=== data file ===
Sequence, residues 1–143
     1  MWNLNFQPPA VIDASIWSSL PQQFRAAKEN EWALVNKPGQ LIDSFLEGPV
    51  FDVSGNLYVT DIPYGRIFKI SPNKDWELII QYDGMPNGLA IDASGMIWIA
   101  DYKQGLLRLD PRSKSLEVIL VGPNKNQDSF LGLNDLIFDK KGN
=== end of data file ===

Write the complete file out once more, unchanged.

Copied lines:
Sequence, residues 1–143
     1  MWNLNFQPPA VIDASIWSSL PQQFRAAKEN EWALVNKPGQ LIDSFLEGPV
    51  FDVSGNLYVT DIPYGRIFKI SPNKDWELII QYDGMPNGLA IDASGMIWIA
   101  DYKQGLLRLD PRSKSLEVIL VGPNKNQDSF LGLNDLIFDK KGN